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Trump slammed California farmers with tariffs. Now he’s stiffing them on aid

Juan Carlos Manuel of Merced, empties a container of freshly picked peaches on the orchard at Weimer Farms in Atwater, Calif., Thursday, July 16, 2015.
Juan Carlos Manuel of Merced, empties a container of freshly picked peaches on the orchard at Weimer Farms in Atwater, Calif., Thursday, July 16, 2015. akuhn@mercedsunstar.com

You can hardly blame California’s farmers, growers and vintners for feeling like pawns in President Donald Trump’s reckless and self-destructive trade war.

His tit-for-tat tariffs with China are already hurting agriculture in the Central Valley and across the state, and the pain is only going to get worse.

Adding insult to injury, in Trump’s tariff relief for farmers, California is getting the short end of the stick. Starting in September, the $12 billion package will give cash to the producers of commodities such as corn, cotton, pork, soybeans and wheat – all grown in red states. But big-money crops from deep-blue California? Fruits, nuts, vegetables and wine will apparently only be eligible for federal government purchases of surplus produce.

It couldn’t be partisan politics, right?

The California Farm Bureau Federation is understandably pushing for more equal treatment. So are California’s Republican members of Congress, who have been urged by the Sacramento Bee editorial board and others to speak out more forcefully.

In a July 31 letter to Agriculture Secretary Sonny Perdue, the lawmakers said tariffs are “making fruits, vegetables and tree nuts in our districts significantly more expensive than their competitors” and “threatening the economic livelihood of our businesses and communities.”

The aid package isn’t enough, according to the letter circulated by Rep. Jeff Denham of Turlock and joined by Valley Republicans Devin Nunes and David Valadao. Republicans Ed Royce and Ken Calvert also signed it, as well as California Democratic Reps. Ami Bera, Jim Costa, Jimmy Panetta, Julia Brownley and Salud Carbajal.

When there’s public criticism from California Republicans – who have defended the administration on immigration, the environment and taxes, and given the president a free pass on all sorts of outrageous behavior – Trump should take a hint.

But, of course, he isn’t. In a series of tweets, Trump said China “is spending a fortune on ads and P.R. trying to convince and scare our politicians to fight me.” He went on: “Tariffs will make our country much richer than it is today. Only fools would disagree.”

In Trumpworld, fellow Republicans are apparently fools for standing up for California farmers. The president needs to rethink that along with his tactics on tariffs.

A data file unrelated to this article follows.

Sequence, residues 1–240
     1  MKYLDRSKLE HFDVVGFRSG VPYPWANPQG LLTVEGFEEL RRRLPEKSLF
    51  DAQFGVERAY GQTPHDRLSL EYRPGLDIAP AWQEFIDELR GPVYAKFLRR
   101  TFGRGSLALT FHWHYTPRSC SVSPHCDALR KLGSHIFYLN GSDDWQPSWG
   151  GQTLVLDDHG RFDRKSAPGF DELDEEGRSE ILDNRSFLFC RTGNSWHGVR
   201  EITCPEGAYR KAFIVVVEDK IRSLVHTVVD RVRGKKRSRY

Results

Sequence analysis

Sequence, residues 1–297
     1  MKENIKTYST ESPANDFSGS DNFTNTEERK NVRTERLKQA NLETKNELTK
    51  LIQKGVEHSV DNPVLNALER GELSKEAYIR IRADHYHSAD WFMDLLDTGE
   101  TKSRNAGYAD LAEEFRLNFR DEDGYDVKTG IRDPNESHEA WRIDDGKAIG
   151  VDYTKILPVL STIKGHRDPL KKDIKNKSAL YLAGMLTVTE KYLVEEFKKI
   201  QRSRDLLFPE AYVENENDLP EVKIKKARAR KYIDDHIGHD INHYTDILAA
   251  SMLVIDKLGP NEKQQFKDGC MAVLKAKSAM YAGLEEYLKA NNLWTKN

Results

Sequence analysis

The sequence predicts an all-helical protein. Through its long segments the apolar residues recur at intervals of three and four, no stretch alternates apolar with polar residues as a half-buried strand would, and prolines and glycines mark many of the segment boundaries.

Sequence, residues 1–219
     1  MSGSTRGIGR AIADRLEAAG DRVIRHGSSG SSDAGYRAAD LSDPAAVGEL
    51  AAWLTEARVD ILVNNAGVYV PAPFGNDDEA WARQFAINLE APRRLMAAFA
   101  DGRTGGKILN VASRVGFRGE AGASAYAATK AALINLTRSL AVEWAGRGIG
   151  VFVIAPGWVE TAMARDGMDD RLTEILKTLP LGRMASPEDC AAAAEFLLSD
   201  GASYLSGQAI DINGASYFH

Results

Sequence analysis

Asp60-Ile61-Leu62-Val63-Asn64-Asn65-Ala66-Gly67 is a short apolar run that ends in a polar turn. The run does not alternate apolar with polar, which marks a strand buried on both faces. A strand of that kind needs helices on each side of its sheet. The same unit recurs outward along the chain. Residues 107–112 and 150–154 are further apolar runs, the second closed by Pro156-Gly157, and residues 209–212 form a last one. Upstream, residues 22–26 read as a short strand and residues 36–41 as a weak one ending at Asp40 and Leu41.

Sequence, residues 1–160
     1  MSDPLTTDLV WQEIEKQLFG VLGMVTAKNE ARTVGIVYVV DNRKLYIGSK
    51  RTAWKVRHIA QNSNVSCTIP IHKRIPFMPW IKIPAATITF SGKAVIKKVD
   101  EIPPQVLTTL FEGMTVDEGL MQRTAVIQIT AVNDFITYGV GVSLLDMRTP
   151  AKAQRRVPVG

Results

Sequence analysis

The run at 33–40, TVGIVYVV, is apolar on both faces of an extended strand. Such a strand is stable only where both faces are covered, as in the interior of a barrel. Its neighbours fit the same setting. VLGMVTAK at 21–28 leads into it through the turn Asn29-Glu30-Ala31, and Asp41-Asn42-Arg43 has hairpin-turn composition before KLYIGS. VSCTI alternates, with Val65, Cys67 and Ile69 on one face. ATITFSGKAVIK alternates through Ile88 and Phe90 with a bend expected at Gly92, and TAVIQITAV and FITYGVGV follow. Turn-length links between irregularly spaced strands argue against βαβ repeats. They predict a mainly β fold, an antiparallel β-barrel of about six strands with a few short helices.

California supplies 80 percent of the world’s almonds, and demand in China had been up this year. But in June, when Trump’s tariffs started taking effect, almond shipments to China and Hong Kong plummeted by 47 percent compared to June 2017, according to Beacon Economics.

Contracts for future deliveries to China have dried up, and the impact will deepen as the harvest starts, according to the Almond Board of California. “These trade disruptions and the resulting uncertainty have put the California almond industry at a competitive disadvantage,” it said in a statement.

Also in June, California wine exports dropped 15 percent and cherry exports declined by 36 percent, according to Beacon Economics. Farmers who grow fruits and vegetables are especially vulnerable because the produce is perishable, so they have to find alternative markets quickly.

Farmers won’t be the only exporters in California hurt by Trump’s tariffs. Other industries also are seeking help. For instance, 20,000 pleas from companies seeking relief from steel tariffs have already flooded the U.S. Commerce Department. But two big steel manufacturers with ties to Trump administration officials, including U.S. trade representative Robert Lighthizer, have successfully objected to hundreds of these requests, The New York Times reports.

So instead of free trade and open markets – remember when Republicans were in favor of free-market capitalism? – we’re now headed toward what amounts to a mob-style protection racket, with a clearly corrupt administration deciding who gets help and who doesn’t.

And there’s no sign of a cease-fire in the trade war with China, the world’s second largest economy behind the U.S.

On Wednesday, China announced additional retaliatory tariffs on $16 billion of U.S. goods and has warned about more tariffs on agricultural crops. That follows duties on $3 billion in response to the U.S. tariffs on aluminum and steel, and a second round of 25 percent tariffs on $34 billion of products that took effect in July.

Trump, apparently, is increasingly angry that China isn’t backing down. He is threatening to increase tariffs from 10 to 25 percent on $200 billion worth of Chinese goods. On Tuesday, the U.S. Trade Representative followed through, saying it will begin slapping a 25 percent tariff on $16 billion more in Chinese products on Aug. 23.

While most experts agree the tariffs are raising costs for U.S. businesses and consumers, they don’t appear to be hurting China as much, despite what the president claims. China’s trade surplus with the U.S. – which really riles up Trump – dipped only slightly to $28.09 billion in July from a record $28.97 billion in June.

And now Chinese media has started attacking Trump personally, warning that his “street fighter-style deceitful drama of extortion and intimidation” won’t work.

Better a war of words – or tweets – than a trade war that causes real and lasting damage down on the farm across California and America. Farmers and their representatives in Congress – Republicans and Democrats – can’t let up in pressuring the Trump administration to stop this madness.

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